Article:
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1 October 2011 Maintenance of a Hybrid Zone: The Role of Female Mate Choice
Jane M. Hughes, Alicia Toon, Peter B. Mather, Corinna L. Lange
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Abstract

Hybrid zones between different plumage morphs are common in birds. These zones can be maintained by (1) divergent selection pressures on either side of the zone or (2) some restriction to mating between the forms that limits gene flow from one side to the other. In eastern Australia, there is a distinct hybrid zone between two plumage forms of the Australian Magpie (Cracticus tibicen), with black-backed birds in the north, white-backed birds in the south, and both forms plus intermediates in a zone ∼100 km wide. On the basis of social groups, there is no evidence of assortative mating in the hybrid zone. However, extrapair fertilizations (EPF) occur in other Australian Magpie populations and, thus, may also occur in the hybrid zone. We examined evidence of EPFs in the hybrid zone to test for either (1) positive assortative mating or (2) preference for the brighter plumage form. Although there were significant levels of EPFs of ∼30%, there was no evidence for positive assortative mating or preference for the brighter white-backed males. Other explanations for the current distribution of the hybrid zone and its maintenance will need to be investigated.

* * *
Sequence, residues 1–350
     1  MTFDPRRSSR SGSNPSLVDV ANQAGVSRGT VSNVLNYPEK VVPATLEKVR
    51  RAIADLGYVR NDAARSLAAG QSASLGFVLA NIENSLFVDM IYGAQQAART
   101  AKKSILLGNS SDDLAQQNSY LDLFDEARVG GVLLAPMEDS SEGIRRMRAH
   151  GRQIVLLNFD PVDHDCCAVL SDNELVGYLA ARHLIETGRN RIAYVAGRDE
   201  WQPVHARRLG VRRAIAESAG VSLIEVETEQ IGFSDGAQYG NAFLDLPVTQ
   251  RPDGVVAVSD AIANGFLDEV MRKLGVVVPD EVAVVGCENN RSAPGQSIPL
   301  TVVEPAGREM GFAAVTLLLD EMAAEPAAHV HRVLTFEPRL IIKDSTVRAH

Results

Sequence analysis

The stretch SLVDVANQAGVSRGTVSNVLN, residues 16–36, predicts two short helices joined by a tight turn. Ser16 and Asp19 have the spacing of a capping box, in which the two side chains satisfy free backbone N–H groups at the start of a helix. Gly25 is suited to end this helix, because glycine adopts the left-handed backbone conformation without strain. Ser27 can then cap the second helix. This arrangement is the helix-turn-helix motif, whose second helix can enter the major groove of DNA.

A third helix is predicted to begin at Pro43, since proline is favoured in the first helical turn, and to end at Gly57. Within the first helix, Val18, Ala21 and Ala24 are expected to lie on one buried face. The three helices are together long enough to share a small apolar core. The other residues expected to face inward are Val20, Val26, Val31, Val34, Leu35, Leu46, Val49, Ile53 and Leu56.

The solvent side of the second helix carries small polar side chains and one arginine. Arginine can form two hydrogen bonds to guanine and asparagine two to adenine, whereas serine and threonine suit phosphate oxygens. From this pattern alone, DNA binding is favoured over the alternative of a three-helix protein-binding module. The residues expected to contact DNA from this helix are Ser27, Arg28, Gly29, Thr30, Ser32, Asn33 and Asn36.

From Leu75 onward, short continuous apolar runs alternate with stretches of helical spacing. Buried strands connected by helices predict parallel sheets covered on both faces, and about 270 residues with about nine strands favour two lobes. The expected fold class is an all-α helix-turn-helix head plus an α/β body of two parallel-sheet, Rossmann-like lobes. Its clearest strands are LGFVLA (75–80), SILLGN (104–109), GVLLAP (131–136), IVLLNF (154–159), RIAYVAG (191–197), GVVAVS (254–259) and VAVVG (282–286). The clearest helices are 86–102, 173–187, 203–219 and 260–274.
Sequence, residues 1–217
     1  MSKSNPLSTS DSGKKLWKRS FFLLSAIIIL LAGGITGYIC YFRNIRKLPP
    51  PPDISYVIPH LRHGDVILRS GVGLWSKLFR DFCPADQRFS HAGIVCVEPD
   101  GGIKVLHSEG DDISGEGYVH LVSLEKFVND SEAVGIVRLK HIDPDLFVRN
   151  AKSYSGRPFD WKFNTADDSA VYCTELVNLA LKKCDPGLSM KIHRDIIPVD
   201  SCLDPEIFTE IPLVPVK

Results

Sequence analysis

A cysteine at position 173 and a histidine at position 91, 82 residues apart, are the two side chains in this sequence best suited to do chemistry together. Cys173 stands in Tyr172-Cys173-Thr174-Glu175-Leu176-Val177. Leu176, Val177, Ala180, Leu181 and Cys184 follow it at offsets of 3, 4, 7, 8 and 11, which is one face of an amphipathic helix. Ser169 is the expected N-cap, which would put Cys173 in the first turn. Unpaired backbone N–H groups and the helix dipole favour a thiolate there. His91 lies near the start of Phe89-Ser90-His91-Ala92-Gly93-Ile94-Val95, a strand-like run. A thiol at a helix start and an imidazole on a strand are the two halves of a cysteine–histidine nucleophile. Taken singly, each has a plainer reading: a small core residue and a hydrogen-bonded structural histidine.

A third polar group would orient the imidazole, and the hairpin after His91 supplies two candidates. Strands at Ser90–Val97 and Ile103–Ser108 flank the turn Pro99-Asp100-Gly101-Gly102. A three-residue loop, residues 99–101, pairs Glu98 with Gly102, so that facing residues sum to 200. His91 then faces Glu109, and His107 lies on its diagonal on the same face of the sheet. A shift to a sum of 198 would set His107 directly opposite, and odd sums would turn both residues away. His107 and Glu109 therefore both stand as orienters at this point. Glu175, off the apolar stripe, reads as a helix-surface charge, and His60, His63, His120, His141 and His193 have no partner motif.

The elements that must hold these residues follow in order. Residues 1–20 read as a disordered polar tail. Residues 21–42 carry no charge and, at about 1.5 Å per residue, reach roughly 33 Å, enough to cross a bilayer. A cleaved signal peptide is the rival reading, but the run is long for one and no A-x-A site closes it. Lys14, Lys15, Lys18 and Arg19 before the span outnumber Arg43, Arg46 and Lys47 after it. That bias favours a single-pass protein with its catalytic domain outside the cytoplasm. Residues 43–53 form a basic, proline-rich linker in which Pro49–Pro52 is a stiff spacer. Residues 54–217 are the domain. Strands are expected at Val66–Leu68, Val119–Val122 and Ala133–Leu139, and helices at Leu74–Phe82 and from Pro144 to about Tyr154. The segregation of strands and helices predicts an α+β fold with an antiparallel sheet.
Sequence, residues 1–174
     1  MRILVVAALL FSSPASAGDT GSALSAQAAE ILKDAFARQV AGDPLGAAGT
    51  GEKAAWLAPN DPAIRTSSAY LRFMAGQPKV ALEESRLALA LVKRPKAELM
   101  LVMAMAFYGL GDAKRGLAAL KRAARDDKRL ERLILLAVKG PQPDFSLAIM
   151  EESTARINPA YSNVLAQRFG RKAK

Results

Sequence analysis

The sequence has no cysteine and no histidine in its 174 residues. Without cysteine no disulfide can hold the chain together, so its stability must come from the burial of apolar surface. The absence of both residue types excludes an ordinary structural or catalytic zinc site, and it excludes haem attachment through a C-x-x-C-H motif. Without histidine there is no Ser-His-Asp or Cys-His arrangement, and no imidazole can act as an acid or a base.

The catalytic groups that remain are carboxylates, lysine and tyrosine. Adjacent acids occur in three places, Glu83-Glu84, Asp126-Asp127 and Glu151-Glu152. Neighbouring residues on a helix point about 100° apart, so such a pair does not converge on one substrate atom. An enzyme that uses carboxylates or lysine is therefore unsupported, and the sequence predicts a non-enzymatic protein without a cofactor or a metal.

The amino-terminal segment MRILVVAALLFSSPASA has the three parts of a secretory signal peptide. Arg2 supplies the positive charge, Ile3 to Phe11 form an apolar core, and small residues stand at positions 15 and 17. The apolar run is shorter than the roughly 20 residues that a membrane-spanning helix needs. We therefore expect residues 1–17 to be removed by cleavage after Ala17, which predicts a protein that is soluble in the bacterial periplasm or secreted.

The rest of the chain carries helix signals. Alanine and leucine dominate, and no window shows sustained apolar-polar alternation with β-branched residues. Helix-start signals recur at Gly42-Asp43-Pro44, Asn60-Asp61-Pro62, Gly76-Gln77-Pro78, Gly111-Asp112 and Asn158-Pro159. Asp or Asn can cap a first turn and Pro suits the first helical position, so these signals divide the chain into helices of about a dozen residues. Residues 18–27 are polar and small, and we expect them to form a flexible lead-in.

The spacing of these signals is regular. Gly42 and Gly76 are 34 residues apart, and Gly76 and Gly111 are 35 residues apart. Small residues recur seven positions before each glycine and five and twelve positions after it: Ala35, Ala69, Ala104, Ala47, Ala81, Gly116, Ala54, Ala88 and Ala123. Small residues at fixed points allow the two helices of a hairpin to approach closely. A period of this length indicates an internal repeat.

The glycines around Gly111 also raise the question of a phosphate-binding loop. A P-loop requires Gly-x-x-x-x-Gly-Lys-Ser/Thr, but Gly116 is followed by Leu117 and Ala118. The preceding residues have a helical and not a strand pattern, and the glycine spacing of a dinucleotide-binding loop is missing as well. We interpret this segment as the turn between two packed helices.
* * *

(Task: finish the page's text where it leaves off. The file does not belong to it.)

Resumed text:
© 2011 by The American Ornithologists' Union. All rights reserved. Please direct all requests for permission to photocopy or reproduce article content through the University of California Press's Rights and Permissions website, http://www.ucpressjournals.com/reprintInfo.asp.
Jane M. Hughes, Alicia Toon, Peter B. Mather, and Corinna L. Lange "Maintenance of a Hybrid Zone: The Role of Female Mate Choice," The Auk 128(4), 688-695, (1 October 2011). https://doi.org/10.1525/auk.2011.11026
Received: 3 February 2011; Accepted: 26 August 2011; Published: 1 October 2011
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